- Some of the problems raised by participants:
- Can be easier to get women to participate in ‘peripheral’ activities like 5- or 7-a-side but not the main club activities.
- User-generate content on facebook etc can be a vicious circle if it projects an image of a predominantly male club.
- Retention is a challenge, but reaching new female members is trickier.
- Ageing is a barrier to participation by both sexes, but maybe sooner for women.
- Some bullets summarising the key points Heather made in her presentation:
- The values produced by Women in Sport came from research with women from across the country, across ages and social groups. They show that different women engage with sport in different ways and
- But everyone will want to be made a clear offer of how a sporting activity will align with their values, so that might mean producing multiple marketing materials – i.e. some which appeal to competitive sportswomen and some which appeal to socialisers (provided your club offers both options).
- A good start is to review what type of values your club offers. Survey your members (and those who haven’t returned) to see what their values are and whether your club is meeting (or didn’t meet) them.
- Marketing materials should include pictures of real, relateable role models. Women need a realistic image of what they’re turning up to. If it’s a social session, show it. If its
- Behind that, some women like more details to answer any questions that might put them off coming along (especially novices), e.g. what kit do they need, what’s access like, who should they talk to when they arrive?
- Actions clubs can take forward:
- Use the values: to evaluate all the communication you’re putting out…not every piece of communication needs to speak to all the value, but it should be clear about those it’s speaking to.
- Review what your club values are, and survey your members (or potential members who didn’t come back) to see what their values are.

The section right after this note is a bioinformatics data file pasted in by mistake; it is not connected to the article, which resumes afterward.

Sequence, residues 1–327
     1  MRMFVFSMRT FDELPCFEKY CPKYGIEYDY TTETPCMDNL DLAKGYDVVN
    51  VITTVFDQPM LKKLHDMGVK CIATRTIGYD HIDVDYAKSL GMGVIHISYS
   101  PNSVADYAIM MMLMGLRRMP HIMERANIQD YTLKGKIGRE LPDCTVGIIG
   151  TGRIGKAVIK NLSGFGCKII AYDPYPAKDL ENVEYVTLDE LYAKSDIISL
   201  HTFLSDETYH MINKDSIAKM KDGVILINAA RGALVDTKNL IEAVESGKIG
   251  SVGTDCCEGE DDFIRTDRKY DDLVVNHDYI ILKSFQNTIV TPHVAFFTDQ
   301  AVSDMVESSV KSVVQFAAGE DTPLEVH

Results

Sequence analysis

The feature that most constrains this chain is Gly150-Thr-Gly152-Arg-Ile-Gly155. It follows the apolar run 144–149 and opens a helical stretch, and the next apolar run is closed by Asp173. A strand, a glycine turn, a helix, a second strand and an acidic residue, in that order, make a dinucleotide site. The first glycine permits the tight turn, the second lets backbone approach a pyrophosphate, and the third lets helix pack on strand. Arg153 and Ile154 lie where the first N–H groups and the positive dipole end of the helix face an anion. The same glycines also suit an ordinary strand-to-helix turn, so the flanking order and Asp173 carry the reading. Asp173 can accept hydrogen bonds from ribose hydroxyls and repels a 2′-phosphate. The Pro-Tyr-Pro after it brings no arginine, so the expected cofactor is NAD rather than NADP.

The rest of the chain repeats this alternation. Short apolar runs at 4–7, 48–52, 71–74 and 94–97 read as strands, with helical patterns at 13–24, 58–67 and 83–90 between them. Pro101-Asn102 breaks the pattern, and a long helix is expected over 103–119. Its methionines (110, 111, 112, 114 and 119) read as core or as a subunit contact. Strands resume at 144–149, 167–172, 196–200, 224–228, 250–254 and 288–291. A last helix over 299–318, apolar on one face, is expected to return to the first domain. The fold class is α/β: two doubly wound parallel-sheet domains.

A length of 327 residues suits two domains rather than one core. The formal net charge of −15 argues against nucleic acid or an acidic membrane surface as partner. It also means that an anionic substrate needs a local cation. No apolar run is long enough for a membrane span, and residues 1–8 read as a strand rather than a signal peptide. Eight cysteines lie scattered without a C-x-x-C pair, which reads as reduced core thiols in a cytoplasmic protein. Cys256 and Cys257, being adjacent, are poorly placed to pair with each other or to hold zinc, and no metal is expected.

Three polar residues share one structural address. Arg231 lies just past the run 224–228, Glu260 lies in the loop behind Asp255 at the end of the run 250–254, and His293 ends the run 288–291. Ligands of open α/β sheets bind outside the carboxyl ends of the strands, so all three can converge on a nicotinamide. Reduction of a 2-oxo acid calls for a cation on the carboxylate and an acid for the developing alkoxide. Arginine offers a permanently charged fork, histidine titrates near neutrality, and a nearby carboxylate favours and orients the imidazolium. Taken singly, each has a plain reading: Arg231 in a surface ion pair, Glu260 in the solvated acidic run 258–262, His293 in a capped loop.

- Review you website and marketing materials. Do they embody the values? Do they give equal prominence to women? Are all members of the club living the values in user-generated content?
- Sign up to the Women In Sport newsletter and browse their website for some handy materials.
- The London Royals webpage is an example of doing some work to make their website more attractive to women and to people looking for social hockey. As a committee, take a look and critique how it’s used the values and what message it’s sending out with its images, content and layout. Then do the same with your club materials and see if there’s anything to change/improve.
As we get our festive frocks on and start dreaming of setting that out of office for Christmas, most are starting to think about where to find that perfect, quirky gift for those special people in life. For that fabulous but hard to buy for one, London Titans FC are here with a charity auction and prize raffle stuffed full of festive and fruity prizes, all to be auctioned off by some cabaret royalty.
The auction and raffle will be held on Sunday 10 December at The Two Brewers, Clapham, with all proceeds donated to the GMFA, London’s leading charity addressing gay men’s health and HIV prevention.
Further information click here
This coincides with the 2017 Rainbow Laces campaign which is currently taking place, celebrating LGB&T inclusion in sport.
The new guide supports pool operators and clubs. It provides insight and advice on giving trans people the best experience of swimming possible.
The guide is designed to broaden understanding of what it means to be trans. It explores language and terminology, outlines what the barriers are for trans people when going swimming, and most importantly, how to address those barriers. It aligns with our Three Frontier model for growing swimming participation.
The University of Strathclyde, funded by the Wellcome Trust is currently working on a project investigating LGBT sport and its effects on mental health since the 1970s. The project is called Out on the Pitch, and more information can be found here: http://bit.ly/OutonthePitch
A part of the project is to collect oral history interviews with LGBT people who participate in sport at all levels, and we are looking for interviewees. The interview would last one to two hours, and be in a location of your choice (or over skype for instance). The interview would concentrate mainly on your life in sport, your sexuality, and the effect that participating in sport has had on your mental health. We’re interested in talking to you if you have a particular story to tell or if you don’t, and regardless of age or background.
The interviews will be stored at the Scottish Oral History Centre, and you will be in control of your interview and data, and may remain anonymous if you wish.
Please get in touch if you are interested in participating in the project, or if you have any questions: Daniel.email@example.com<mailto:Daniel.firstname.lastname@example.org>, @dancallwood on Twitter or on +447817068073.